The 5,500-year rise, fall and revival of “real ale”
In a sense, the history of cask beer is really the history of beer in general. The oldest proof we have of beer production comes from 5,500-year-old pottery jars found in what’s now Iran. A female homebrewer probably made that beer, making it in a large vessel and then transferring it to the jars for secondary fermentation.
By most definitions, she was making cask beer, or “real ale,” as it’s known in the UK. That is, unpasteurized and unfiltered beer that ferments in the container it’s dispensed from and is served without extra carbon dioxide. While the ingredients and containers have varied through the centuries, that basic process was how most beer was made, right up to the middle of the 20th century.
Today we know cask beer as the smooth, room temperature ale dispensed from a small wooden barrel, or “firkin.” At the pub, it usually comes through a beer engine under the bar and a hand pump on top. But that’s nothing like the beer that would have been in those 5,500-year-old pottery jars. Back then beers were thicker, sometimes gruel-like, and many were bread-based.
And they were popular, especially in the early grain-growing civilizations around the Mediterranean. During the construction of the Great Pyramids in Giza, workers were given daily rations of four to five litres of beer because it was seen as healthy and thirst quenching. Beer was also part of the daily diet of Egyptian pharaohs, and when they died, beer was often buried with them as an offering to the gods.
The first actual wood casks used to store beer were probably built between 1000 and 500 BC by northern European Celts. Held together with iron hoops, they look similar to the wood casks we know today. Men would usually make those casks, but women would often be the ones filling them. In fact, throughout most of beer’s history — right up until industrialization — women were usually the brewers.
The Middle Ages
For the most part, those female brewers would make their beer at home, and during the Middle Ages (500 to 1500 AD) their brews became one of the most popular drinks in Europe. Not as popular as water, however, as some beer experts have claimed, but they were often safer to drink than water, and beer was generally seen as wholesome and healthy.
One big problem with those early cask brews, though, was that they’d spoil soon after they were made. That began to change in the 9th century, when hops, a natural preservative, were first introduced to beer. It took a few hundred years for brewers in what’s now the Czech Republic to master the stabilizing and flavour powers of hops, but when they did, the beer business started to take off.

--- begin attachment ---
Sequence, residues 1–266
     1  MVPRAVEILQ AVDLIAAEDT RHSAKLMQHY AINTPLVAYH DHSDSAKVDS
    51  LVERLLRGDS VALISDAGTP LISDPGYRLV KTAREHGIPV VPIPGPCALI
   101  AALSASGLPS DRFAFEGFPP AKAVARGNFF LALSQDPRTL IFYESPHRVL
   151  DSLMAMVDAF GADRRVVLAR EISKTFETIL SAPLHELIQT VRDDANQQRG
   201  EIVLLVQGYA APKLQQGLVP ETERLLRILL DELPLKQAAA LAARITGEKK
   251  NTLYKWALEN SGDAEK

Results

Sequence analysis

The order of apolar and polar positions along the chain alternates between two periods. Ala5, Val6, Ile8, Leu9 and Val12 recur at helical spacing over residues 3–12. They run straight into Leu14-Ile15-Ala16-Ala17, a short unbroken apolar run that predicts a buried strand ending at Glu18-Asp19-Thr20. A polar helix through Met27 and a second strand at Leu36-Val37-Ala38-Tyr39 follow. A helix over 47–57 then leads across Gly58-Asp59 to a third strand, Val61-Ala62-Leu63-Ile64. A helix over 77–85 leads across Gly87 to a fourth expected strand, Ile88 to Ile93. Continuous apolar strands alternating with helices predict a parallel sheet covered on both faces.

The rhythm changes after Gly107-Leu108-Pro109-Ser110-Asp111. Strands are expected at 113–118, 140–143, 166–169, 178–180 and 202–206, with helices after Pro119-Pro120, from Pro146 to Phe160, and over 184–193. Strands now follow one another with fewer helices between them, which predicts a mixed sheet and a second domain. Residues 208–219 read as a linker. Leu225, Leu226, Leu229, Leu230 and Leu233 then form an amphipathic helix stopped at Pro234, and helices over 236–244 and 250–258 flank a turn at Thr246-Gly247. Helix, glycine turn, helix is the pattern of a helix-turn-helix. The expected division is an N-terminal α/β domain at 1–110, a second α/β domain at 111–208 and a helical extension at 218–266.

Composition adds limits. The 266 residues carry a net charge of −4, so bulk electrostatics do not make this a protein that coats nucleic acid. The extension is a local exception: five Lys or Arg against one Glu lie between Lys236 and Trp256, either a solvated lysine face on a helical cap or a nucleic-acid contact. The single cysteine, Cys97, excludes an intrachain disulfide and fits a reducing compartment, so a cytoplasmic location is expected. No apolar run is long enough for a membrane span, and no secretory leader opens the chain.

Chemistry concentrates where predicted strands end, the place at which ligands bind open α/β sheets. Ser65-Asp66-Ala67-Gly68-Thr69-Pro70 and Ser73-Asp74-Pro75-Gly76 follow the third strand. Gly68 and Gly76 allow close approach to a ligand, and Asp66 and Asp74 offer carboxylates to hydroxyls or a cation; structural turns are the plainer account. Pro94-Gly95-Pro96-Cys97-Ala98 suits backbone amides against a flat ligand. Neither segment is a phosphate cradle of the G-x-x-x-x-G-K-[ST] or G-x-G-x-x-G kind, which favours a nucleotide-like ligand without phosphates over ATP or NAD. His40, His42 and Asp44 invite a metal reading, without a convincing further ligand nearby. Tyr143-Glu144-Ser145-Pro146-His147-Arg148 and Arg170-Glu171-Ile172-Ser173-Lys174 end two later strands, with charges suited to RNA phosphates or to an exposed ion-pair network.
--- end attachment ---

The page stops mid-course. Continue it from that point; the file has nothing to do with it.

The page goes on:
By the 13th century, German brewers standardized their cask sizes, which along with the use of hops, allowed for large-scale export. Small breweries began to pop up in Germany and eventually in Holland in the 14th century and England in the 15th century.
Consumption went up as the number of breweries did. In Hamburg alone, the per capita consumption went from 300 litres per year in the 15th century to 700 in the 17th century. Not surprisingly, the Industrial Revolution played a significant role in the rise of beer too.
Modern Real Ales
The three tools introduced during the Industrial Revolution that had the biggest impact on beer since hops were the thermometer, the hydrometer and pasteurization. But the last one, a sterilization method invented in the 1860s that could prolong the life of beer, would spell the beginning of the end for traditional cask brews.
What almost completely took them out of pubs was the introduction of metal kegs in the mid-20th century. By the early 1970s in England, for example, most beer served in pubs was keg beer — filtered, pasteurized and artificially carbonated. In other words, the exact opposite of cask beer.
Many weren’t happy about the poor beer that came with that shift to keg suds. Four of them were cask beer friends from the northwest of England, who in 1971 formed the Campaign for Real Ale (CAMRA). Its aims would be to promote real ale and the pubs it’s served in — aims that still guide CAMRA and its 183,000 members worldwide today.
It’s only been over the past 10 years, though, that real ales have started to recover. CAMRA has played a part in that, but to a larger degree, it’s been the growing popularity of local and artisanal products in general that have put real ale back in bars again.
Time will tell how long that growth will last, but to CAMRA and others, it looks like real ale is here to stay. So who knows, maybe 5,500 years from now, when archaeologists dig up a firkin under what was Stillwell, they’ll see when cask beer began its glorious second life.